What was the Glass-Steagall Act
The Glass-Steagall Act was passed by the U.S. Congress in 1933 as the Banking Act, which prohibited commercial banks from participating in the investment banking business. Glass-Steagall was sponsored by Senator Carter Glass, a former Treasury secretary, and Rep. Henry Steagall, a member of the House of Representatives and Chairman of the House Banking and Currency Committee. The act was passed as an emergency measure to counter the failure of almost 5,000 banks during the Great Depression. Glass-Steagall lost its potency in subsequent decades and was partially repealed in 1999.
Glass-Steagall Act (GSA)
BREAKING DOWN Glass-Steagall Act
Apart from separating commercial and investment banking, the Glass-Steagall Act also created the Federal Deposit Insurance Corporation (FDIC), which guaranteed bank deposits up to a specified limit. The act also created the Federal Open Market Committee (FOMC) and introduced Regulation Q, which prohibited banks from paying interest on demand deposits and capped interest rates on other deposit products. (It was repealed in July 2011.)
The Glass-Steagall Act's primary objectives were twofold: to stop the unprecedented run on banks and restore public confidence in the U.S. banking system; and to sever the linkages between commercial and investment banking that were believed to have been responsible for the 1929 market crash. The rationale for seeking the separation was the conflict of interest that arose when banks were engaged in both commercial and investment banking (e.g. the tendency of such banks to engage in excessively speculative activity).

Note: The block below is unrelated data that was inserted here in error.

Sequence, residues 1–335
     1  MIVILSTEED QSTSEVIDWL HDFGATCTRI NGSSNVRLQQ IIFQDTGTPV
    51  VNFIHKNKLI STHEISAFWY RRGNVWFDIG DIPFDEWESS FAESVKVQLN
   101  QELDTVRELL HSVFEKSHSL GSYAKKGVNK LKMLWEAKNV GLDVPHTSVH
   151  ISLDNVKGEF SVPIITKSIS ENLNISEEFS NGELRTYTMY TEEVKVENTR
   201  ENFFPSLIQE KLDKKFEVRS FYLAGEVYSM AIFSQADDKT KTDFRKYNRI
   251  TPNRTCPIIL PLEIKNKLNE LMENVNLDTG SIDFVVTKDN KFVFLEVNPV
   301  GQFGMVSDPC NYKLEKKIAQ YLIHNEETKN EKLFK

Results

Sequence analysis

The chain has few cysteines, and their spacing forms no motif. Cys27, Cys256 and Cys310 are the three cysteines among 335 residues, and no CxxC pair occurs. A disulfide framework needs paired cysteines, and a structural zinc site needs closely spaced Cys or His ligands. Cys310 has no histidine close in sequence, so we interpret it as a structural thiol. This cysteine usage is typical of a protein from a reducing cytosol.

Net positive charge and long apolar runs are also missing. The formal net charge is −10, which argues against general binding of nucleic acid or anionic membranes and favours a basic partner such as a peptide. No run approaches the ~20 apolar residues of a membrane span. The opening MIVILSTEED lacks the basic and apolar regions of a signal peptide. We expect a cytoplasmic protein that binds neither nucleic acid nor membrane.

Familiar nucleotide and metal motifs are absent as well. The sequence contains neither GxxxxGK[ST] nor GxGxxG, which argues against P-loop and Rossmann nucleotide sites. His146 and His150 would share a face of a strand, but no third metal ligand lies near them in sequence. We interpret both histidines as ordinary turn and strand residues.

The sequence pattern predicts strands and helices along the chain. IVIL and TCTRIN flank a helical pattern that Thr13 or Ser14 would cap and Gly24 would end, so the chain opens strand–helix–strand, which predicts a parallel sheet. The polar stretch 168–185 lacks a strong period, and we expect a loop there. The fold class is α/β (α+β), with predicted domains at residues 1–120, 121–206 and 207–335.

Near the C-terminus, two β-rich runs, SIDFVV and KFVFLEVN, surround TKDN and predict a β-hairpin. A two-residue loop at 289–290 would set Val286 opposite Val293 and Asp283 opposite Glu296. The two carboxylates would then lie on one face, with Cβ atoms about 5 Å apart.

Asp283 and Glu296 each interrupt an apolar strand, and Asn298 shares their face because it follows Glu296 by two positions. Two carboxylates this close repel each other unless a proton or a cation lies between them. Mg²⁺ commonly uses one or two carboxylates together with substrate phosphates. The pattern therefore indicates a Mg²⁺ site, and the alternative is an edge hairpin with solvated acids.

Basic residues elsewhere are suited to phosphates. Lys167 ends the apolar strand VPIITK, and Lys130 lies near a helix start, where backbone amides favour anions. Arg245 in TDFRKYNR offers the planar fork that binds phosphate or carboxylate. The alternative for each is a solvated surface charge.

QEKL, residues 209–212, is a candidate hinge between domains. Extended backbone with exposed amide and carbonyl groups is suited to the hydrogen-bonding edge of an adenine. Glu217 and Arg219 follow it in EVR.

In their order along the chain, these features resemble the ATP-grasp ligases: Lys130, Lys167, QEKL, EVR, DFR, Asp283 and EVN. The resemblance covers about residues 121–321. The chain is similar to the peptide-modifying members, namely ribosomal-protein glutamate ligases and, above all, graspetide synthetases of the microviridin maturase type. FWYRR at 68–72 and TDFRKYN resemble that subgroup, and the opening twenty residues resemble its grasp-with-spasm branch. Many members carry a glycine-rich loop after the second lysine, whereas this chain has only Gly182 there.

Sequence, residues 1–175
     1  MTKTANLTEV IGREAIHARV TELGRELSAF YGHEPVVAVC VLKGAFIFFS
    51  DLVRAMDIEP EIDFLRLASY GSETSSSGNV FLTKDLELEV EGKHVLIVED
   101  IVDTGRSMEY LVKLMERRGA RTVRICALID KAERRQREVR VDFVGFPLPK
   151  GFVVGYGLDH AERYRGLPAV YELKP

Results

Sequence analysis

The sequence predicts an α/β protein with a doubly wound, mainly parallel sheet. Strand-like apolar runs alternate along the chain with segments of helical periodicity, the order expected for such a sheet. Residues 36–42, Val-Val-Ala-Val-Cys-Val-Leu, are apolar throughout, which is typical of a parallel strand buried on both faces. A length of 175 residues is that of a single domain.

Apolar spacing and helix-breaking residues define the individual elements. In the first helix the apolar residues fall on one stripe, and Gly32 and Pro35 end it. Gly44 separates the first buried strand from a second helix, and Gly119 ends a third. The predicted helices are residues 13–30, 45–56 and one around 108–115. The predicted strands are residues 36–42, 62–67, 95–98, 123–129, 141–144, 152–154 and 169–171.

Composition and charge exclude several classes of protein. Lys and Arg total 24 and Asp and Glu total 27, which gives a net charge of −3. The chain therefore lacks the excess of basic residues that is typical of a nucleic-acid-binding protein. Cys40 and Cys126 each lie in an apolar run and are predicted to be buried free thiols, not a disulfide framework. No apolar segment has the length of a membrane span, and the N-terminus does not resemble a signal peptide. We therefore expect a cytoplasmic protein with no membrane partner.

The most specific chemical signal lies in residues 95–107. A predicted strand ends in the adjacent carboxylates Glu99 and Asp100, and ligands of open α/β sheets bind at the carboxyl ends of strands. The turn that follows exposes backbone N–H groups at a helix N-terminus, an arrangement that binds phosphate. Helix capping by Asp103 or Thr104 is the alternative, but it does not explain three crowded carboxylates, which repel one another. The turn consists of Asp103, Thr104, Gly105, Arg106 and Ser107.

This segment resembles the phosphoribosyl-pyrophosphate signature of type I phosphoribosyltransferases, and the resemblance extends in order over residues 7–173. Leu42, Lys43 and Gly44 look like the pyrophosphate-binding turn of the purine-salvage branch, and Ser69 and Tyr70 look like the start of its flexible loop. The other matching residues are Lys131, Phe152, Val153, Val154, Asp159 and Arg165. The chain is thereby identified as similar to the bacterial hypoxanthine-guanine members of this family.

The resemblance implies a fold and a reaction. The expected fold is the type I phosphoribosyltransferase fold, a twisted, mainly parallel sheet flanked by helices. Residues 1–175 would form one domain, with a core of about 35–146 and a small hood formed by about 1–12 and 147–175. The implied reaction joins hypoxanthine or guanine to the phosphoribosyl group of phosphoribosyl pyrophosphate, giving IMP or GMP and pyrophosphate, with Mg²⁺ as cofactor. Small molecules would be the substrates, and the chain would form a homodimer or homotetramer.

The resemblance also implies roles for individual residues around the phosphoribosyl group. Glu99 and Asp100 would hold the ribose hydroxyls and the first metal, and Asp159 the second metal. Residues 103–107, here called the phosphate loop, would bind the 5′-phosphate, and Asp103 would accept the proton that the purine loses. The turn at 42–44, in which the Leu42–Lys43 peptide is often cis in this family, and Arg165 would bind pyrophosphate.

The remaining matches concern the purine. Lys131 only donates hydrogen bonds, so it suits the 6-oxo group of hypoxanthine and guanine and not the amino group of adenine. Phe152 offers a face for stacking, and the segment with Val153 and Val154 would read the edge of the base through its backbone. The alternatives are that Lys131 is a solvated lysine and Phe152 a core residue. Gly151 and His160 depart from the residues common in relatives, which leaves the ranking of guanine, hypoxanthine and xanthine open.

The Glass-Steagall Act's partial repeal in 1999 by the Graham-Leach-Bliley Act (GLBA) is believed in some circles to have contributed to the 2008 global credit crisis. Commercial banks worldwide were saddled with billions of dollars in losses, due to the excessive exposure of their investment banking arms to derivatives and securities, tied to U.S. home prices. The severity of the crisis forced Goldman Sachs and Morgan Stanley, top-tier independent investment banks, to convert to bank holding companies. Coupled with the acquisition of other prominent investment banks Bear Stearns and Merrill Lynch by commercial banking giants J.P. Morgan and Bank of America, respectively, the 2008 developments signaled the final demise of the Glass-Steagall Act.
Potential Re-Instatement of the Glass-Steagall Act
During the 2016 presidential campaign, Donald Trump hinted at a potential reinstatement of the Glass-Steagall Act. After his election in 2017, his head of the National Economic Council, Gary Cohn, revived talks of restoring the act to break up the big banks. Cohn’s stance prompted senators in support of the idea, such as John McCain and Elizabeth Warren, to initiate a draft for a 21st Century Glass-Steagall Act bill. The bill would institute a separation of traditional banking from investment banks, hedge funds, insurance, and private equity activities, within a five-year transition period. This would ideally make the institutions more secure for depositors and mitigate the risk of another government bailout.